Research Focus Areas
We focus on creating new topology optimization methods and algorithms to solve challenging design problems, including the design of materials, devices, components, and structures optimized for mechanical, fluidic, and thermal properties. Specific areas of interest are summarized below.
Design for Manufacturability & Under Manufacturing Constraints
New manufacturing technologies provide new capabilities that can not be fully exploited using legacy designs. We develop algorithms customized for the details of a manufacturing processes, including design to improve manufacturability. Examples of our work includes design for additive manufacturing, novel processes, 3D weaving, composite layups, machining, truss and frame structures.
Multi-material Topology Optimization
Fiber-based composites and other multi-material components provide opportunities for achieving enhanced properties and multi-functionality. Multi-material topology optimization distributes different candidate material in a manner that leverages the best aspects of the contributing materials. Examples of our work includes design of 3D printed multi-material devices, laminated composite stacking sequences, fiber orientations by 3D printing and tow steering, and steel reinforced concrete structural design.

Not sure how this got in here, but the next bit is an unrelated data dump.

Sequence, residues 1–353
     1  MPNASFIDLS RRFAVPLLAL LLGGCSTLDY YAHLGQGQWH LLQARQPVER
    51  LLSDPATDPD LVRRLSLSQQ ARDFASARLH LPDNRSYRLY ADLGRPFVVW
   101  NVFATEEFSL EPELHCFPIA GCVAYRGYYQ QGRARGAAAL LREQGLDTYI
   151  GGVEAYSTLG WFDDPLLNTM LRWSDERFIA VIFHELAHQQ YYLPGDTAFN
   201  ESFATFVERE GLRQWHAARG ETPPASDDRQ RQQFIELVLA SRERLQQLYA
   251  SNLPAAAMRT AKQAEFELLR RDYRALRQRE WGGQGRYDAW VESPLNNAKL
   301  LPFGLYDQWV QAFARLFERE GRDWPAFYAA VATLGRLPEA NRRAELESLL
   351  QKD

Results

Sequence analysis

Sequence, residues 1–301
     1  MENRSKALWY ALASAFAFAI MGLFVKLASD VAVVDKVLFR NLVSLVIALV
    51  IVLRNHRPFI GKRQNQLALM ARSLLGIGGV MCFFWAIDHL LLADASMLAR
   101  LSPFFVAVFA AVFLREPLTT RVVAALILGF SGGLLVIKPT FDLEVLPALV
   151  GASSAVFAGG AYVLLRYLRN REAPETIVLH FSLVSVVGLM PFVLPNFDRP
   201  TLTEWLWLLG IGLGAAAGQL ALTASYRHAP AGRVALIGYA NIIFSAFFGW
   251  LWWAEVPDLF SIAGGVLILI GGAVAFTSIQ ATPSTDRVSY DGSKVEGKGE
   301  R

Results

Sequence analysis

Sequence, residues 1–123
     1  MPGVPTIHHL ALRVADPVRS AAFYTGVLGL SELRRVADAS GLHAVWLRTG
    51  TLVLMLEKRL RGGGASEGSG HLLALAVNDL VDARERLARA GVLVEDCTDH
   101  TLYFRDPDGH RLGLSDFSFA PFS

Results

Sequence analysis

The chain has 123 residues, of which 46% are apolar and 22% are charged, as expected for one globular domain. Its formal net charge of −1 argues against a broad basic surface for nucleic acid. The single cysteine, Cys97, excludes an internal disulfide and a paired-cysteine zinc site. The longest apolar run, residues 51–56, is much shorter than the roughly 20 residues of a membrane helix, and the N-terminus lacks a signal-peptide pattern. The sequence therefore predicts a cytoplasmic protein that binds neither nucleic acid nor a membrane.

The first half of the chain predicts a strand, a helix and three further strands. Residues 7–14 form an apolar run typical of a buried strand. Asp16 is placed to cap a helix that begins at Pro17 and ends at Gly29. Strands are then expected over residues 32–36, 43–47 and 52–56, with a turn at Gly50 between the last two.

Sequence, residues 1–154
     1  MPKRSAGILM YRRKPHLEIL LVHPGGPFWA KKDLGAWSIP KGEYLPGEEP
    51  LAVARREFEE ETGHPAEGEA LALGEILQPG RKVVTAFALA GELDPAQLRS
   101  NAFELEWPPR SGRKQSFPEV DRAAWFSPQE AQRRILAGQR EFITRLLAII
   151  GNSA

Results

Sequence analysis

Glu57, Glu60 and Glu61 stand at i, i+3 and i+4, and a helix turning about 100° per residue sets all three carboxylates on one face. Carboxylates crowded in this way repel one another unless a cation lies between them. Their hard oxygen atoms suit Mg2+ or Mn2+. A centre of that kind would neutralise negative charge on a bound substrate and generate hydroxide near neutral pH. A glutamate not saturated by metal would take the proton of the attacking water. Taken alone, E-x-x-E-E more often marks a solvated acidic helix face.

Optimizing Fluid FlowS
Tailoring flow rates, minimizing pressure drop, or maximizing diode effects are important requirements in a number of mechanical, thermal, and biomedical applications. The JHU topology optimization group has developed methods and algorithms capable of navigating these important design challenges in architected materials, devices and components.
Architected Materials Design
Architected materials offer tremendous potential for enlarging the suite of material properties available to engineering designers, and providing combinations and properties not available with bulk materials. The JHU topology optimization group has created methods, algorithms, and design solutions for optimizing combinations of mechanical, fluidic, and thermal properties, including elastic properties approaching theoretical bounds, meta material behavior, and band gap materials.
Design for Robustness and Reliability
Manufacturing variations and flaws are inherent in manufacturing processes, and loading conditions are rarely deterministic in real world environments. By formally incorporating uncertainty quantification into topology optimization, we can design components and structures that act robustly in the presence of such uncertainties.
Other Physics: Multifunctional, Thermal, Dynamic, and nonlinear Behaviors
Things get very interesting and challenging when we push design to consider more complex physics. The JHU Topology Optimization Group has made contributions and continues to work in the areas of multi-functional and multi-objective design, design for thermal transport, dynamic response, and nonlinear mechanics.